economies’. So far it is almost impossible to buy anything much with
bitcoin. Globally, bitcoin transactions are at about three per second
compared to Visa credit at 9000 a second. And setting up a ‘wallet’ to
conduct transactions in bitcoin on the internet is still a difficult
More decisively, the question is whether bitcoin actually meets the
criteria for money in modern economies. Money serves three functions
under capitalism, where things and services are produced as commodities
to sell on a market. Money has to be accepted as a medium of exchange.
It must be a unit of account with a fair degree of stability so that we
can compare the costs of goods and services over time and between
merchants. And it should also be a store of value that stays reasonably
stable over time. If hyperinflation or spiralling deflation sets in,
then a national currency soon loses its role as ‘trust’ in the currency
disappears. There are many examples in history of a national currency
being replaced by another or by gold (even cigarettes) when ‘trust’ in
its stability is lost.
The issue of trust is brought to a head with bitcoin as it relies on
“miners”, or members that contribute computational power to solve a
complex cryptographic problem and verify the transactions that have
occurred over a short period of time (10 minutes). These transactions
are then published as a block, and the miner who had first published the
proof receives a reward (currently 25 bitcoins). The maximum block size
is 1MB, which corresponds to approximately seven transactions per
second. In order to ensure that blocks are published approximately every
10 minutes, the network automatically adjusts the difficulty of the
cryptographic problem to be solved.
Bitcoin mining requires specialized equipment, as well as substantial
electricity costs and miners thus have to balance their technology and
energy investment. That means increasingly bitcoin could only work as
alternative replacement global currency if miners became large
operations. And that means large companies down the road, ones in the
hands of capitalist entities, who may well eventually be able to control
the bitcoin market. Also if bitcoin were to become as viable tender to
pay tax to government, it would then require some form of price
relationship with the existing fiat money supply. So governments will
still be there.
Indeed, the most startling obstacle to bitcoin or any other
cryptocurrency taking over is the energy consumption involved. Bitcoin
mining is already consuming energy for computer power more than the
annual consumption of Ireland. Temperatures near computer miner centres
have rocketed. Maybe this heat could be ecologically used but the
non-profitability of such energy recycling may well ‘block’ such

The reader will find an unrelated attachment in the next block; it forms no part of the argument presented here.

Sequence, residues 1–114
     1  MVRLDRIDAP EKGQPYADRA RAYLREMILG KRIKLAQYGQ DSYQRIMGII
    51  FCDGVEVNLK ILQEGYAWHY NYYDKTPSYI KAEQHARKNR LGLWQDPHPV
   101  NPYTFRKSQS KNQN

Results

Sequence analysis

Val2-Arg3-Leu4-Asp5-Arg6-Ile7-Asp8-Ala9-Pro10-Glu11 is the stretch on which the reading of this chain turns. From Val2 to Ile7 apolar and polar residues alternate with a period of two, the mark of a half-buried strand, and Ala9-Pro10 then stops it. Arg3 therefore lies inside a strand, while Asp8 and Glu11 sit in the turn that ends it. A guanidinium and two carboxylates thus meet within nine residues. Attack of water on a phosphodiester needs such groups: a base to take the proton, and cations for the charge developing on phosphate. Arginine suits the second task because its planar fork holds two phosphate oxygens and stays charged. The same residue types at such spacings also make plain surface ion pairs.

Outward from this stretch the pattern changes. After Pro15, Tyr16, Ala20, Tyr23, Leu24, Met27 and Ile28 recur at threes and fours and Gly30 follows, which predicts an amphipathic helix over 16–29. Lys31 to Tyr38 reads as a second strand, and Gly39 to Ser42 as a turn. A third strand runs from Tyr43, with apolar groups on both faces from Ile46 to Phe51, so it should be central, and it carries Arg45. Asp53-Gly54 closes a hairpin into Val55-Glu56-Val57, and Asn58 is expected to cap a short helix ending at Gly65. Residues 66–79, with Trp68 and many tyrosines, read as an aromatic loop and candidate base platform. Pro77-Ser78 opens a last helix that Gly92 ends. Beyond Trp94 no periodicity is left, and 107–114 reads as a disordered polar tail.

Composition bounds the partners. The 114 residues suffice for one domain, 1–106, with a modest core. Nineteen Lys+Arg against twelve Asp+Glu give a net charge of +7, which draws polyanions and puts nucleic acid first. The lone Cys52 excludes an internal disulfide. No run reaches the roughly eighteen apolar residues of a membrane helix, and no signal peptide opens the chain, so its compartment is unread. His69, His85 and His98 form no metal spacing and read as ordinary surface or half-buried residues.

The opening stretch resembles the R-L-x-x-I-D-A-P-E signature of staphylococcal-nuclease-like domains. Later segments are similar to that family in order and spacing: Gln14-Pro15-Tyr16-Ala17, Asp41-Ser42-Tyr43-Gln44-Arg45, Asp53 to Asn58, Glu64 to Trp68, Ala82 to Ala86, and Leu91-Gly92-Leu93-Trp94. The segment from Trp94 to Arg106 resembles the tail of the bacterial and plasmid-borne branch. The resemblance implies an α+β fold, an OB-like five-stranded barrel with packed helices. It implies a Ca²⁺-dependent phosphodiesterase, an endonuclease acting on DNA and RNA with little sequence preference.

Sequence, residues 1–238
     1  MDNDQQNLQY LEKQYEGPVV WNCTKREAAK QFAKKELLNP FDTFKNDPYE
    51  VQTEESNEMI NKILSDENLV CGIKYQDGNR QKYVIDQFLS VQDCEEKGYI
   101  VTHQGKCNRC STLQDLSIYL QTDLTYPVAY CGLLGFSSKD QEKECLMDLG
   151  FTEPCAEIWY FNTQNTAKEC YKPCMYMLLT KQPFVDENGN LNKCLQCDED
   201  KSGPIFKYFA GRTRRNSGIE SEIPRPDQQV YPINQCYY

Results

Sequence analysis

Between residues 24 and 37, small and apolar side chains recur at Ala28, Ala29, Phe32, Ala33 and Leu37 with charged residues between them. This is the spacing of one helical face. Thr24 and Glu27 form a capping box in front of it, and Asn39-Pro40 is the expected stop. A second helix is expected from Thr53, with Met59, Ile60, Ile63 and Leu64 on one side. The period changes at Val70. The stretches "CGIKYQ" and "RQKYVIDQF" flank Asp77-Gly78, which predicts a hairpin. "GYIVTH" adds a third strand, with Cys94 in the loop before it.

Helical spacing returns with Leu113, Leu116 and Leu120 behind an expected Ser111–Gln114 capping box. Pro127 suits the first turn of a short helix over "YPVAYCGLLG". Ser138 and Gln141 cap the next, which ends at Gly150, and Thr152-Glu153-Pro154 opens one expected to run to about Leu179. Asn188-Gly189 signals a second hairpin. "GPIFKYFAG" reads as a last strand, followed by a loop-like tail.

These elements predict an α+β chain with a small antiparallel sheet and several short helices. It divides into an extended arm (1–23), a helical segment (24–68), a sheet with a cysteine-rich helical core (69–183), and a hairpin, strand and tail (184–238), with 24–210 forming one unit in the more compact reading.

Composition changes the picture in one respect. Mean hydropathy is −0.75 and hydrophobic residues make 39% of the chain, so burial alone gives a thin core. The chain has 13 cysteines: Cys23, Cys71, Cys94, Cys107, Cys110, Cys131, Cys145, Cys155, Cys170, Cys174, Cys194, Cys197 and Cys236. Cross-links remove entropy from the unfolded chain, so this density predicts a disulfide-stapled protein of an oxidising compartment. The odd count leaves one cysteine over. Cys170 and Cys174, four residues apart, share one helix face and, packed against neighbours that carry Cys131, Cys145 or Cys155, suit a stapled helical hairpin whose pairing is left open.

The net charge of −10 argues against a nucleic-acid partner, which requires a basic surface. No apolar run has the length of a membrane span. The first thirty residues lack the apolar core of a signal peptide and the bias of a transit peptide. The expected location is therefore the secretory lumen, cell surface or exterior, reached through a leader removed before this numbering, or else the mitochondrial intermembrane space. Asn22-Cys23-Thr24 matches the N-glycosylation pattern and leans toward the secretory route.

Capitalism is not ignoring blockchain technology. Indeed, like every
other innovation, it seeks to bring it under its control. Mutual
distributed ledgers (MDLs) in blockchain technology provide an
electronic public transaction record of integrity without central
ownership. The ability to have a globally available, verifiable and
untamperable source of data provides anyone wishing to provide trusted
third-party services, i.e., most financial services firms, the ability
to do so cheaply and robustly. Indeed, that is the road that large
banks and other financial institutions are going for. They are much
more interested in developing blockchain technology to save costs and
control internet transactions.
As one critic of blockchain points out: “First, we’re not
convinced blockchain can ever be successfully delinked from a coupon or
token pay-off component without compromising the security of the system.
Second, we’re not convinced the economics of blockchain work out for
anything but a few high-intensity use cases. Third, blockchain is always
going to be more expensive than a central clearer because a multiple of
agents have to do the processing job rather than just one, which makes
it a premium clearing service — especially if delinked from an equity
coupon — not a cheaper one.” Kaminska, I., 2015, “On the potential of closed system blockchains,” FT Alphaville.
All this suggests that blockchain technology will be incorporated
into the drive for value not need if it becomes widely applied.
Cryptocurrencies will become part of cryptofinance, not the medium of a
new world of free and autonomous transactions. More probably, bitcoin
and other cryptocurrencies will remain on the micro-periphery of the
spectrum of digital moneys, just as Esperanto has done as a universal
global language against the might of imperialist English, Spanish and
But the crypto craze may well continue for a while longer, along with
the spiralling international stock and bond markets globally, as
capital searches for higher returns from financial speculation.